Timing and Synchronization
Timing and Synchronization — Speedgoat I/O modules for audio and speech
Speedgoat offers a range of solutions for timing and synchronization for many
different scenarios, such as synchronizing model execution time across several
real-time target machines, and synchronization model execution with external
Synchronization between two or more real-time target machines
The following can be used to ensure all real-time target machines have the same
model execution time:
Shared memory I/O modules: A shared memory I/O module in one
real-time target machine acts as synchronization master, and broadcasts a
network interrupt on which the slaved real-time target machines
PTP (Precision Time
Protocol): This protocol can be used to synchronize real-time
target machines over Ethernet
Synchronization with External Signals
A device or sensor with a clock can be used to provide the timing. For example,
the IO811 Camera Link I/O module can capture a timing signal generated by a camera
when an image is acquired. The complete model can then be executed based on this
signal to ensure complete synchronization.
An external clock can be used to trigger the model. For example, an external
signal can be read by the PWM Capture Code Module running on an a Configurable FPGA.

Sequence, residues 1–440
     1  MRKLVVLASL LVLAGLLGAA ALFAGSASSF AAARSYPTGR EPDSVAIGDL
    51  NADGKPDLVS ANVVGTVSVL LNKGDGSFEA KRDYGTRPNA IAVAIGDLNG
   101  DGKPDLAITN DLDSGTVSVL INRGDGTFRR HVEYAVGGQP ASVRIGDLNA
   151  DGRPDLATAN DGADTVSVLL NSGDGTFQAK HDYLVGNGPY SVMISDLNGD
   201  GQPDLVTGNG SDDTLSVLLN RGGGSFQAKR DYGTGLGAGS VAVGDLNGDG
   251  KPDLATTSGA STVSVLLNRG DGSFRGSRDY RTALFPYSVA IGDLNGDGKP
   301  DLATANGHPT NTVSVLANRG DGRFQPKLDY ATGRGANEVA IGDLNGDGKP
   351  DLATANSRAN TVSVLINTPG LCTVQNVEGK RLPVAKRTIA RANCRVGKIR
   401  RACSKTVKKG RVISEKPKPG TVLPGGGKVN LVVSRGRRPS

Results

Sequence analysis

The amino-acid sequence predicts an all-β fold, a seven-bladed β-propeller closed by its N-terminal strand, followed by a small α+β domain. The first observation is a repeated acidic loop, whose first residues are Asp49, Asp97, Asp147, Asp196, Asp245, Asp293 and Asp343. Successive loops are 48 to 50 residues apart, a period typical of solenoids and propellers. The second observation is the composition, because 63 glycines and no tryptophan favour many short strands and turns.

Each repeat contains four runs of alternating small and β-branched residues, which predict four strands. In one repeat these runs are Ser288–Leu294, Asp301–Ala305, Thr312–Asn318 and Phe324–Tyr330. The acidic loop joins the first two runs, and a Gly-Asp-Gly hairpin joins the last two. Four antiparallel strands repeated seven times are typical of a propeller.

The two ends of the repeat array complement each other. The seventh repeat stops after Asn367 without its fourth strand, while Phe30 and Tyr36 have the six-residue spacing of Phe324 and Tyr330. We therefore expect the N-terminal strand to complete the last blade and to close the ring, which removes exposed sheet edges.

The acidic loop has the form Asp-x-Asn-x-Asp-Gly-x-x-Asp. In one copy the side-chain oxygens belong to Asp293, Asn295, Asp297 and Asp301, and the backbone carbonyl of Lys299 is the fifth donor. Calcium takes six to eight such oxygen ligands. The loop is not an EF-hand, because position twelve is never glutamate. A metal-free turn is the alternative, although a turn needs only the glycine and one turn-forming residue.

The signal can be used to trigger model execution using the Interrupt Code Module.
A real-time target machine can be triggered from an external source using the DMA
interrupt of the IO106 Analog I/O module.
Synchronization of Different Components of the Same Target Machine
For motor control, a Configurable FPGA can be used to generate PWM commands
using the PWM Generation Code Module. An Analog input I/O module is then
synchronized to the PWM signal to measure motor feedback. Model execution is
synchronized to the PWM period to read all the collected analog samples.
For audio applications, the analog input can be synchronized with the analog
output, to guarantee a fixed delay.
For time-based synchronization, Speedgoat offers the IO821 IRIG timing module
which can be used to generate an interrupt to trigger a Simulink model at very
precise intervals. The timing source for the IO821 can be either GPS, any dedicated
timing device, or the I/O module itself (OCXO), and it can be used to synchronize
other real-time target machines with IO821 I/O modules installed.